Private landowners in 13 states in the Southeast improved 193,000 acres to benefit wildlife this spring through one simple practice: planting trees.

The 351 landowners and 115 National Wild Turkey Federation chapters received a total of 164,000 oak seedlings free of charge through the NWTF’s Operation Oak initiative. The Natural Resources Conservation Service funded a grant that paid for the trees, which were planted in Alabama, Arkansas, Florida, Georgia, Kentucky, Louisiana, Mississippi, North Carolina, South Carolina, Tennessee, Texas, Virginia and West Virginia.

"Oak trees are beneficial to wildlife," said Jennifer Tapley, Operation Oak coordinator. "Through projects like this, NWTF members are planting trees that provide food and shelter for wild turkeys and other wildlife, and that will leave a strong conservation legacy for future generations."

Established in 2000, Operation Oak was formed to combat the decline of oak woodlands in eastern U.S. forests by planting seedlings on public and private lands. The seedlings are chosen for their hardiness, high growth rate and the potential to produce acorns in approximately 10 years. Since this initiative began, NWTF chapters and landowners in the Southeast have planted 746,000 oak seedlings that provide important food sources for wildlife.

"The NWTF strives to conserve wild turkeys and other wildlife, and also preserve our hunting heritage," Tapley said. "But without partners like the NRCS, we would not be able to fulfill our mission to the capacity that we have today."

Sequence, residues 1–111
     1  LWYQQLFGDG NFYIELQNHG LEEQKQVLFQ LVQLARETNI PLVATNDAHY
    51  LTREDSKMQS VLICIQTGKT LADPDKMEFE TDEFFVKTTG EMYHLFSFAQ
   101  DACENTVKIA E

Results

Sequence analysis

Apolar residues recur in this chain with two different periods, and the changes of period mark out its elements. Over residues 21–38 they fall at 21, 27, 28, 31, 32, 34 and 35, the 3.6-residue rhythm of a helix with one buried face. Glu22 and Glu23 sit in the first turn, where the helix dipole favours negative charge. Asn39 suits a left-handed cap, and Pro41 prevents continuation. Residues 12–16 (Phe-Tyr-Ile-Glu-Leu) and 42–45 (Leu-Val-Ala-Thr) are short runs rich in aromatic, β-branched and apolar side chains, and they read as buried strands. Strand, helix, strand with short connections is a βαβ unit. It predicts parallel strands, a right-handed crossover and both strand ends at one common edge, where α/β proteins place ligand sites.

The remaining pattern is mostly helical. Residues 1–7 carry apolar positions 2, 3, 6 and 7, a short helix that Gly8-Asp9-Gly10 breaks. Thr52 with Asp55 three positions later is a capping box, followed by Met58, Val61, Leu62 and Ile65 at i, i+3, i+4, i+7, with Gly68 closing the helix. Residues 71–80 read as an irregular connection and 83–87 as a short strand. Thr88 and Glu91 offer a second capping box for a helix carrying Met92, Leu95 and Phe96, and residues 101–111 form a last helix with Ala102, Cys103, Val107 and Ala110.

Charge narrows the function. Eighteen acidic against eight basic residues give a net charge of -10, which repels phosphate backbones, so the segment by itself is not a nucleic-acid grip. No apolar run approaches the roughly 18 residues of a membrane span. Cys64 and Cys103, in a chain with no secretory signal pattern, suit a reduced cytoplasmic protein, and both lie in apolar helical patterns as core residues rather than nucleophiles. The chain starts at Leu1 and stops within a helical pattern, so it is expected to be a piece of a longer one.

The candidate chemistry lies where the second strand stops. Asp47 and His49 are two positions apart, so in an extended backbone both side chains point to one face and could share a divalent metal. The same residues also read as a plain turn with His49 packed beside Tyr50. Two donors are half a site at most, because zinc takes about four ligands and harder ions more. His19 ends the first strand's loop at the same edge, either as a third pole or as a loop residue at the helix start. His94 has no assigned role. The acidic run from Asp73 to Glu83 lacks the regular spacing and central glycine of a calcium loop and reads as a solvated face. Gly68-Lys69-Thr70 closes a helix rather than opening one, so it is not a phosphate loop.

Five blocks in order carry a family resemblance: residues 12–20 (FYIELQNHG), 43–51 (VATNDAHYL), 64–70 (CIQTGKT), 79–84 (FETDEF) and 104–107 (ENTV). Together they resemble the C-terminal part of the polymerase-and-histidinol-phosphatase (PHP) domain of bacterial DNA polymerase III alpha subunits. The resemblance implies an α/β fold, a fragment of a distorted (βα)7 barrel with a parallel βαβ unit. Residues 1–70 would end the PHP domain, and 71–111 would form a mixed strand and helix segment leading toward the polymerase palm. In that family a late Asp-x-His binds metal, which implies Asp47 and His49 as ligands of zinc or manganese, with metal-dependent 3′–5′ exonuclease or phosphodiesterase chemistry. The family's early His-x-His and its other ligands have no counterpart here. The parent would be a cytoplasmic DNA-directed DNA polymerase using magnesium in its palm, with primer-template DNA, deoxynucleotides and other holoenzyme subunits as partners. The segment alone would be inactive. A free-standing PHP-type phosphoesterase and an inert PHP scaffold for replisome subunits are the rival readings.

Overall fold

NWTF biologists will monitor the newly planted oak seedlings throughout the summer to assess survival rates.

The National Wild Turkey Federation is a nonprofit conservation organization that works daily to further its mission of conserving the wild turkey and preserving our hunting heritage.

Through dynamic partnerships with state, federal and provincial wildlife agencies, the NWTF and its members have helped restore wild turkey populations across the country, spending more than $306 million to conserve 14 million acres of habitat for all types of wildlife.

Applications for the next Operation Oak season will be available in October 2010. Landowners interested in receiving free trees to plant on their land through this program should contact Jennifer Tapley at (800) THE-NWTF or jtapley@nwtf.net.

For more information about the NWTF visit the Web site at www.nwtf.org or call (800) THE-NWTF.